Unlike the Republican line on the war in Iraq for the better part of the Bush/Cheney era, GOP leaders aren't at all on the same page when it comes to the war in Afghanistan.
Here, for example, was the Republican Senate leader today.
Senate Minority Leader Mitch McConnell (R-Ky.) said he supports the Obama administration's plans to gradually withdraw troops from Afghanistan, which has come under heavy scrutiny on both the left and right in recent days after an Army staff sergeant killed 16 Afghan civilians Sunday."I support the policy the administration has laid out to move toward a transition over the next couple of years," McConnell, who emphasized he was only offering his own opinion, told reporters Tuesday.
And here was the leading Republican on the Senate Armed Services Committee, speaking around the same time on the same issue.
The White House's decision to stick with a 2014 pullout from Afghanistan will only embolden anti-American sentiment in the country and opens the door to terror groups in the region, a top Senate Republican said on Tuesday.The Obama administration's plan in Afghanistan "discourages our friends and encourages our enemies," Sen. John McCain (Ariz.) told reporters.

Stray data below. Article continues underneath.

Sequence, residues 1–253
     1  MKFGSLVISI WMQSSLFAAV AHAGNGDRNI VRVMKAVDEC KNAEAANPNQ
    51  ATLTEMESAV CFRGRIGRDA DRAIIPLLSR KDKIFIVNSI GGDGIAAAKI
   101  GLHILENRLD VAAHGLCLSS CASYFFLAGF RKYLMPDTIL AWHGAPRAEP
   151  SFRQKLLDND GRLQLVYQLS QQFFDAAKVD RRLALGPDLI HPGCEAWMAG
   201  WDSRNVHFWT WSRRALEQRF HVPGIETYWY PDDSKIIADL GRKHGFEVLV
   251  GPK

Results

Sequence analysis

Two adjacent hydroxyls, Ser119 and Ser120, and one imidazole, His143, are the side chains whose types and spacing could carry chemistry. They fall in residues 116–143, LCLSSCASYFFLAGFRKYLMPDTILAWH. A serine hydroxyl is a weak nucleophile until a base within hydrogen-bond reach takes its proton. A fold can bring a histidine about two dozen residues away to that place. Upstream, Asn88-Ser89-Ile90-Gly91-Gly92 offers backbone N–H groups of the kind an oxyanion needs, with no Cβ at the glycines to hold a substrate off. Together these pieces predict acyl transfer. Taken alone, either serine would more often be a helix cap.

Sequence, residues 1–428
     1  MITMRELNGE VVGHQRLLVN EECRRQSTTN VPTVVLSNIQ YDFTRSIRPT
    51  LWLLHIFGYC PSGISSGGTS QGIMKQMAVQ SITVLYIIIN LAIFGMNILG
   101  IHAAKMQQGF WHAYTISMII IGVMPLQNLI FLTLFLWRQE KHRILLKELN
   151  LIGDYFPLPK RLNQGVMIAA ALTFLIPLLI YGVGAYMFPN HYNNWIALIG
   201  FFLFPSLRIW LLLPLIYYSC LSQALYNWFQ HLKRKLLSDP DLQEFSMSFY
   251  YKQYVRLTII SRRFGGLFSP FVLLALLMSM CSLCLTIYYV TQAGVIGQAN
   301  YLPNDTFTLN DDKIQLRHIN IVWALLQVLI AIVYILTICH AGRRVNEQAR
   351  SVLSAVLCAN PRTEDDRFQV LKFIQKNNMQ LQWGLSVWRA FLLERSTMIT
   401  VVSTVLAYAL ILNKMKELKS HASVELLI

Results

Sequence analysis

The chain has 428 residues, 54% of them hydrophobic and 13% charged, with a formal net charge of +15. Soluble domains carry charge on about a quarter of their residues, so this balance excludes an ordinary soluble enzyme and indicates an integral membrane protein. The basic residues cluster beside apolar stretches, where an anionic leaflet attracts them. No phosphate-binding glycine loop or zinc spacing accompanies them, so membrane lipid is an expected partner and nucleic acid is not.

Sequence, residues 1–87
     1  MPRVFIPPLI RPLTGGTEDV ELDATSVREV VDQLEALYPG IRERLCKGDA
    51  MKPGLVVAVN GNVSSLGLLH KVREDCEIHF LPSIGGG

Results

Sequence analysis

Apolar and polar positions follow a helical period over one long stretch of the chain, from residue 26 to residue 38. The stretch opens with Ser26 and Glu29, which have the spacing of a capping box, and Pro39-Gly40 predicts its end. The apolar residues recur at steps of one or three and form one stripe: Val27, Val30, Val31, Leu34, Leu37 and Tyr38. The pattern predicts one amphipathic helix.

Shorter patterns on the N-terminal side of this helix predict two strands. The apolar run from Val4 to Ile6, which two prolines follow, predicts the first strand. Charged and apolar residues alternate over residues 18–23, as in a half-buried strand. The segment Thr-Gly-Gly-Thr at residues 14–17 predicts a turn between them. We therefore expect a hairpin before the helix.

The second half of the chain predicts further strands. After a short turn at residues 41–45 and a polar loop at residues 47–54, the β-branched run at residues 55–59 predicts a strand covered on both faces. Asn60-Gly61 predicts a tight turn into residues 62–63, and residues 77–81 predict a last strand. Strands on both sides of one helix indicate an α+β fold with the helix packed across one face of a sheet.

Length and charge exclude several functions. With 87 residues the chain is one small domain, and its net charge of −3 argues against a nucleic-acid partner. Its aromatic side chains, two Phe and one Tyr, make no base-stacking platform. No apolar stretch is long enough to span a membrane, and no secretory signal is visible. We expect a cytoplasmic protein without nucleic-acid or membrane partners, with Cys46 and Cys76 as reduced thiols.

As Rachel explained on the show last night, concerns about the U.S. policy in Afghanistan are no longer necessarily a partisan or ideological matter. One of the factors driving this diversity of opinions is the fact that prominent Republicans, for the first time in over a decade, no longer even agree with one another about the efficacy of the status quo.
When McConnell and McCain publicly take the opposite position on the war, almost simultaneously, the question becomes, "What is the Republican position on U.S. policy in Afghanistan?" The answer is, "There isn't one."